Basic Estate Planning Documents
Estate planning aims to achieve a number of objectives including, but not limited to, designation of guardians, incapacity planning, asset protection, asset distribution and wealth maximization. It may involve various legal and financial instruments as well as complex tax planning techniques and strategies. However, it all starts with the following basic estate planning documents:
1. Last Will and testament
Last will and testament, or simply the will, is a document which leaves the estate of the testator to named individuals and organizations. “Testator” is a person who signs the will and “estate” is a term used to refer to the assets of that person. The will can only dispose of those assets that are owned by the testator in his name and those assets where his shared ownership is not transferred to co-owners upon survivorship. In addition to distributing the assets, a will may designate a guardian for minor children.
The will should name an executor, the person who ensures that the provisions of the will are strictly followed. The executor is a person in charge of executing the testator’s wishes. However, the executor cannot act until he is formally appointed by the court through a process called probate. Probate is a set of court-supervised procedures used for establishing the validity of the will, identifying the heirs, gathering the assets, and distributing those assets to the beneficiaries under the will.
A will is an important document even if a person sets up a living trust and transfers his or her assets into that trust in order to avoid a probate and handle the disposition of the estate in a private manner. In the case where a person has a living trust, a will ensures that any assets which were somehow not included in the trust are transferred into it upon the person’s death. (See related article What if Someone Dies without a Will)
2. Power of Attorney
A power of attorney is a document that allows a person to designate another person or persons to act on his or her behalf for certain financial affairs and transactions. The person giving the power of attorney is called a “principal” and the person receiving it is called an “agent”.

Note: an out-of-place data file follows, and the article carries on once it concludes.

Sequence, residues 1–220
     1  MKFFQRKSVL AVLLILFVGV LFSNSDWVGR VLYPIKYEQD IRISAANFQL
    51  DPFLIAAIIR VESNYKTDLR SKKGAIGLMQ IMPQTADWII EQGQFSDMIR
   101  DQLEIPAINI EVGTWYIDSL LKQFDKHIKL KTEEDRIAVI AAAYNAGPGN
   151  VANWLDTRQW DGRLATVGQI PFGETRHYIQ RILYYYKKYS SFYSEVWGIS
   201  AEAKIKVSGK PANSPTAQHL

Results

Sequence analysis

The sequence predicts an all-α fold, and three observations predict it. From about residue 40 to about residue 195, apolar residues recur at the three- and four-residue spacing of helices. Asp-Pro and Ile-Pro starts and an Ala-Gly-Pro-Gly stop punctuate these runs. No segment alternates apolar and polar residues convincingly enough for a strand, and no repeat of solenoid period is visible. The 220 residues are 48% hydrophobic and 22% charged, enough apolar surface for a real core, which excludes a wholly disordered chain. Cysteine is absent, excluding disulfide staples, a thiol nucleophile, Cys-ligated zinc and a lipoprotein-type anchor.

There are two types of powers of attorney. One is a durable power of attorney, and another is a springing power of attorney. The durable power of attorney remains in effect even if the principal becomes incapacitated and can no longer manage his or her own affairs. This is why it is called durable. The springing power of attorney only becomes effective (“springs” into effect) after the person becomes incapacitated. Prior to that, named agent has no authority to act on behalf of the principal.
The power of attorney is only valid during the principal’s lifetime, and has no effect after death.
The power of attorney is important because it avoids the necessity of expensive and time consuming guardianship proceedings in the event of a person becoming incapacitated.
3. Health Care Proxy and Living will
Health care proxy and living will are documents that arrange for health care decisions in the event of incapacity. However, they accomplish this objective in very different ways.
The health care proxy enables a person to appoint an agent who will be in charge of any and all health care decisions if the principal is no longer able to make these decisions himself. Upon regaining capacity, the principal can resume making decisions concerning his health.
In contrast, a living will does not authorize another individual to act on behalf of the incapacitated person, but rather provides detailed instructions to be followed in different medical situations. Therefore, by providing advance directives, the living will takes the heavy burden of making difficult decisions, such as discontinuing life support treatment, off the hands of a health care agent.
If you do not yet have an estate plan or your plan is missing the above documents, we can help you put them together. Please feel free to contact our office for an appointment.
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